World Bank and DFID to Help Improve Access to Water and Sanitation In Western China

June 26, 2007

WASHINGTON/BEIJING, June 26, 2007 Today the World Bank’s Board of Executive Directors approved a loan of US$25 million to the People’s Republic of China to help finance the Western Provinces Rural Water Supply, Sanitation and Hygiene Promotion Project.  The UK Department for International Development (DFID) co-finances the project with $25 million.  In addition, DFID and the United Nations Children’s Fund (UNICEF) provide $3.5 million for a technical assistance project at the central policy level – Knowledge and Advocacy for Sanitation & Hygiene (KASH), focused on advocacy, policy development and innovations in the sector.


The objective of the project is to increase access of poor participating communities to sustainable and equitable water supply, sanitation and hygiene promotion services by adopting an integrated and participatory approach, which can be replicated in other provinces.   


China has made significant progress in increasing water supply and sanitation coverage over the years.  However, there are significant regional and rural/urban imbalances.  By the end of 2005, about 312 million rural people were reported to be without access to safe water supply and 790 million rural residents without improved sanitation, many of whom live in western provinces.   Many parts of western China are also affected by water source contamination as a result of agricultural and industrial pollution, untreated domestic waster water or high natural arsenic, fluoride or salinity levels.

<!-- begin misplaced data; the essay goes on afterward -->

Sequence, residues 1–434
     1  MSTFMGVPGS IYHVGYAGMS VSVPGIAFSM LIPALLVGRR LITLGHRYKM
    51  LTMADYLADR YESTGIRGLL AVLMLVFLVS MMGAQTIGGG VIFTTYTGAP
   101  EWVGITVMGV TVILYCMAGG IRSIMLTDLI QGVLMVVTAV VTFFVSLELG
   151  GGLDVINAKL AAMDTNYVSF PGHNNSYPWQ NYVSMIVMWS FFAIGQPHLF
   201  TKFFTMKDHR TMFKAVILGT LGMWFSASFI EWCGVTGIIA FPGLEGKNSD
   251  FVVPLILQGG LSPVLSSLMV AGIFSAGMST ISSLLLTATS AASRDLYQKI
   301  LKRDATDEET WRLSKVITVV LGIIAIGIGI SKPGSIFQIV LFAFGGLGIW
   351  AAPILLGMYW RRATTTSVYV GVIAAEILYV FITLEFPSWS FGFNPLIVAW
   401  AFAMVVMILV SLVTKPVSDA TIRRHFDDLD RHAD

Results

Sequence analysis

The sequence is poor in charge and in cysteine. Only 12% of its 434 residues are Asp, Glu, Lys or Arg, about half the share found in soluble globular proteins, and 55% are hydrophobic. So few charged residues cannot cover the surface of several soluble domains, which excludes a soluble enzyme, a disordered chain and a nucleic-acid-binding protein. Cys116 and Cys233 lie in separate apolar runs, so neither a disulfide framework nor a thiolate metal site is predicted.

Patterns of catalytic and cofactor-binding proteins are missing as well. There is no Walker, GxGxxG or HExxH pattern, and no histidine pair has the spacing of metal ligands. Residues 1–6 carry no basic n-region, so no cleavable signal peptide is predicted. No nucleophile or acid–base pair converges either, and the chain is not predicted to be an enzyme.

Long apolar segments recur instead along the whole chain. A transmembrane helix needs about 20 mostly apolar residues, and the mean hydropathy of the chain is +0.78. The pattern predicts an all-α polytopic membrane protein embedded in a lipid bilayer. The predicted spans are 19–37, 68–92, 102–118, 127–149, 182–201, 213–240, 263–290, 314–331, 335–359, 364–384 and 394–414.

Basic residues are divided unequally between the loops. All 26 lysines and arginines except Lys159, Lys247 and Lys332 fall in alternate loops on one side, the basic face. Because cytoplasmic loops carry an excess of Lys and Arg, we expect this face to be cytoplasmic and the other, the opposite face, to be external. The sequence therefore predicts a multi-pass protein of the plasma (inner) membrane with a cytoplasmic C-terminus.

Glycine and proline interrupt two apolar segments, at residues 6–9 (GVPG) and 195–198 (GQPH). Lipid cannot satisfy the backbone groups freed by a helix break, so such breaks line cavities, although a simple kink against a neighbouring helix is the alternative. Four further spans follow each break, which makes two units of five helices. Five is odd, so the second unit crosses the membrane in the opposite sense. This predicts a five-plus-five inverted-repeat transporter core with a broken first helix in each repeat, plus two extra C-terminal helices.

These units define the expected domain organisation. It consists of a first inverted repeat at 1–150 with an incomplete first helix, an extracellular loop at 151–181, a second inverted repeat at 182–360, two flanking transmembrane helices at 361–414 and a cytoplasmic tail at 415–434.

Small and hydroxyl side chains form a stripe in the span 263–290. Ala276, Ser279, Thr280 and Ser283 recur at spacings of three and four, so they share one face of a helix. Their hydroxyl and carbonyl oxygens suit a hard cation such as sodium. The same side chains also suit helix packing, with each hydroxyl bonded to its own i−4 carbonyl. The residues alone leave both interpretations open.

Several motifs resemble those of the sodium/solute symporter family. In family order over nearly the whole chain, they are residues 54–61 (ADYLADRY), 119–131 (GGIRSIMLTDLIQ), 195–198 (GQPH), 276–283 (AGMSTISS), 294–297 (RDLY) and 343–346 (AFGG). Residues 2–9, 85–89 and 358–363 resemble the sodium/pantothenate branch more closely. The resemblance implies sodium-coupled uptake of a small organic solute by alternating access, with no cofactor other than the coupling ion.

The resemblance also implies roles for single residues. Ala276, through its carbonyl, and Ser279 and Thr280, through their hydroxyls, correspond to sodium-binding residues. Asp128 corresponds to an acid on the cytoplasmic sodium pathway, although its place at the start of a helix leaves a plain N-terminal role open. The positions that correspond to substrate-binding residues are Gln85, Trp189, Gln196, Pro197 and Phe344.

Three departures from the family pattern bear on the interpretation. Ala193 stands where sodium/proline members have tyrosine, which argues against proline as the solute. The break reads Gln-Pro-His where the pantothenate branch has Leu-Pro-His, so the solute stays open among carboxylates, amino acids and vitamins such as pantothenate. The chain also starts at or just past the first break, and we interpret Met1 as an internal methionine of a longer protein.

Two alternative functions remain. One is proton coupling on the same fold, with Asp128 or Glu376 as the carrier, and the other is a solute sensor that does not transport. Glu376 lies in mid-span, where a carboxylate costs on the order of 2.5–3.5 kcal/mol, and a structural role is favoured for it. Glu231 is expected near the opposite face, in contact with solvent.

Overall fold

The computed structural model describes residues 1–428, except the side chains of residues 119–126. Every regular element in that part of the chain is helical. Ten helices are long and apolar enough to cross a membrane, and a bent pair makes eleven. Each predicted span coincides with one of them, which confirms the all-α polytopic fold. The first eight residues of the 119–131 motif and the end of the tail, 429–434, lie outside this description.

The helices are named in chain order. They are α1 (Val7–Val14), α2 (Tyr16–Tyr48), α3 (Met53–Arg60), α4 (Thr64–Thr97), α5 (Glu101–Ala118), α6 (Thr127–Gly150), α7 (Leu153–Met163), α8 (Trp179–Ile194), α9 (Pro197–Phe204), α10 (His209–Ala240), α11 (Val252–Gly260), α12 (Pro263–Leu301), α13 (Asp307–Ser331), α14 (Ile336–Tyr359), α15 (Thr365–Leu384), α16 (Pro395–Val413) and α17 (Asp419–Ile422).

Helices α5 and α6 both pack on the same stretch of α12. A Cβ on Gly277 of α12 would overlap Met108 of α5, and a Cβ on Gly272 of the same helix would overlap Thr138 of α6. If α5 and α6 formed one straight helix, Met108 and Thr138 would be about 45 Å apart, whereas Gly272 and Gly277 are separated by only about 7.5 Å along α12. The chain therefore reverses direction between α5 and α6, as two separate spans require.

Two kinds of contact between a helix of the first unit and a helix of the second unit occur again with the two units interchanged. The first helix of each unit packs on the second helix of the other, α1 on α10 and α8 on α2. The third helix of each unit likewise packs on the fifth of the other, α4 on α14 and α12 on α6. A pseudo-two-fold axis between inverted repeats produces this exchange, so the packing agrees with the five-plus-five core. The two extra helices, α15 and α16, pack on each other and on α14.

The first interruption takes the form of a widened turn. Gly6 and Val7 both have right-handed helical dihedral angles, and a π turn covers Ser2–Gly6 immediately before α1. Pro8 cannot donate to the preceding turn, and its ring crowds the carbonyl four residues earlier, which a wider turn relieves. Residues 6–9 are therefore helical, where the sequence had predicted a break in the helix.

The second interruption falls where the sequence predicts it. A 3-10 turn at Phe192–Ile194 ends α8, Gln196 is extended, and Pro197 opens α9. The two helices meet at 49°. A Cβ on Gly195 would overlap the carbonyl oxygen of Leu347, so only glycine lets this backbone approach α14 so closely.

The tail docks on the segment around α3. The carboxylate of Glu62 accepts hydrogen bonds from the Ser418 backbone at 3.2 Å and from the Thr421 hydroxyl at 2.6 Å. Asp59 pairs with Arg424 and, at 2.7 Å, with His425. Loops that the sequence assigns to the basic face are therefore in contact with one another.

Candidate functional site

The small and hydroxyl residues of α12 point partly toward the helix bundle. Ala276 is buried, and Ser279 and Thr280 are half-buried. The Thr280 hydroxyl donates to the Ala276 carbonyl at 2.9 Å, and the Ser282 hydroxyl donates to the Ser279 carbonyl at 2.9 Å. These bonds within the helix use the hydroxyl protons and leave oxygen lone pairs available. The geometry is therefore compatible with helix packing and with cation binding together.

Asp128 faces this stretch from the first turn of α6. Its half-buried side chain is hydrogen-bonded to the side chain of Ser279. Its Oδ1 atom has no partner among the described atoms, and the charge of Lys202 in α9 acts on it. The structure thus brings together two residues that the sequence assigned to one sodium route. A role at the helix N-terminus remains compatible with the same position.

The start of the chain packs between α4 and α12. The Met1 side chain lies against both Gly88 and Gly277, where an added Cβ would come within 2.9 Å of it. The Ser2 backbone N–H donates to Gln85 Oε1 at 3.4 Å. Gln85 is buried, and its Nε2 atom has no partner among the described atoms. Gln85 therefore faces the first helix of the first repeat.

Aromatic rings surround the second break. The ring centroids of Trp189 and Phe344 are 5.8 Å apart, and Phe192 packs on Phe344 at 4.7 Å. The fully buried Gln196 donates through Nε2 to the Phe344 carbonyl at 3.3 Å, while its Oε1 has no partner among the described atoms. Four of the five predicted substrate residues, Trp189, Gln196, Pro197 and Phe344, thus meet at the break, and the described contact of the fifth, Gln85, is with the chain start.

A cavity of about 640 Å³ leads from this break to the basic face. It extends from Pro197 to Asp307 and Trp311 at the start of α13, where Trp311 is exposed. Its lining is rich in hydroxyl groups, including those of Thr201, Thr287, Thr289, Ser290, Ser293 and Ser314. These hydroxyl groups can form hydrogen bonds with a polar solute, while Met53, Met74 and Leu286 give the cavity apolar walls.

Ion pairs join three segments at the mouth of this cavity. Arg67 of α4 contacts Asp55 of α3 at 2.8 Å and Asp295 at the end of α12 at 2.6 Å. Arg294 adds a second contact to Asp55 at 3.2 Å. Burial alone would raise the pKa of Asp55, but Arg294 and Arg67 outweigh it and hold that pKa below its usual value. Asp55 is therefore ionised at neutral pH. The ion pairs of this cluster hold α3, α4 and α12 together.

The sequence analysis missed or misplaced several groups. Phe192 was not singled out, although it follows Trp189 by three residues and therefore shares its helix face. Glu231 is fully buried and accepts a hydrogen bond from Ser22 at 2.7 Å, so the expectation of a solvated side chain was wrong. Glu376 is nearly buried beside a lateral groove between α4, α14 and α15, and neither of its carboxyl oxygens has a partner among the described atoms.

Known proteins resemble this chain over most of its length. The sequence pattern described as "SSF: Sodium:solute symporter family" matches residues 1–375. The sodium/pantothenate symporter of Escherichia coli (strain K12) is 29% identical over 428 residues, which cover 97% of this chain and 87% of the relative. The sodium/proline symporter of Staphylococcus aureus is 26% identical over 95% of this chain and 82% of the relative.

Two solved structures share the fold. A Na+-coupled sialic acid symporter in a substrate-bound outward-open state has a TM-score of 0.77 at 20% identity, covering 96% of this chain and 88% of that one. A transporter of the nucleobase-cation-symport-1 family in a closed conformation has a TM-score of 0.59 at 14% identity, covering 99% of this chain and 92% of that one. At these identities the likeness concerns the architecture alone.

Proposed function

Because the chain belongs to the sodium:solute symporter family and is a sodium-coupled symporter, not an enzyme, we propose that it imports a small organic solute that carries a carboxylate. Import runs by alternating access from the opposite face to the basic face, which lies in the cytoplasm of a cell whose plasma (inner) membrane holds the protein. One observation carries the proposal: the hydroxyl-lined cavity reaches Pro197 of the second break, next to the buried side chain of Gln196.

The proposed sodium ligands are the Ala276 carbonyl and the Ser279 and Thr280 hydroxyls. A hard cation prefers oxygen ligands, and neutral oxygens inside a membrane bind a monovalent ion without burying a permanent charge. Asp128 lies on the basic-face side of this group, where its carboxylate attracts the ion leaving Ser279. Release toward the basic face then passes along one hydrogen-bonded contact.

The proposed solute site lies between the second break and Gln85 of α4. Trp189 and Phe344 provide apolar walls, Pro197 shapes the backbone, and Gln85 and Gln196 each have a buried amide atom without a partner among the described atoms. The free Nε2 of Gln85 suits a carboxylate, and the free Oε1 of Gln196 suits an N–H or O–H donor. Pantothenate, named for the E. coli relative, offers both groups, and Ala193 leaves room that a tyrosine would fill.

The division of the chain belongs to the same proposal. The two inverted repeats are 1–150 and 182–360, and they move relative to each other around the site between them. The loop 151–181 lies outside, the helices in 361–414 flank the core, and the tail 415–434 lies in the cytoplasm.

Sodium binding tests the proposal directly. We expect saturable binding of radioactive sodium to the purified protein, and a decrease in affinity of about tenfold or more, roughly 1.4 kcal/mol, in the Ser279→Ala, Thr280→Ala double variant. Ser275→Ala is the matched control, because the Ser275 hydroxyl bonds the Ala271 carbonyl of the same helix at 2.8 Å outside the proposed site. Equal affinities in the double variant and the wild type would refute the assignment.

The Government has set a number of goals for improving rural water supply, sanitation and hygiene promotion.  Its Eleventh Five Year Plan for Rural Safe Drinking Water Supply (2006-2010) aims to provide safe drinking water to 160 million people and invest RMB 40 billion (US$5 billion) in rural water supply over the next ten years.  Other goals include:   to reduce, by one third, the population without access to clean drinking water and provide 70 percent of the rural population with piped water supplies by 2010, and to provide safe drinking water for all by 2020; increase sanitation coverage in rural areas to 65 percent by 2010; and 60 percent of farmers in western China will know essential health information and 50 percent will have appropriate health and hygiene behaviors by 2010. 


We want to help the Government achieve its goals by developing a replicable model for addressing the lack of access in the two project provinces,” said Tom Zearley, Sector Coordinator in the World Bank Beijing Office and project leader. “The project will help develop lessons on the three in one approach (three-in-one approach refers to integration of sanitation and hygiene promotion activities together with water supply) in order to scale up this approach in other provinces.  International evidence shows that water supply and sanitation programs, implemented together with hygiene promotion activities, have a greater impact on health and productivity than single sector interventions.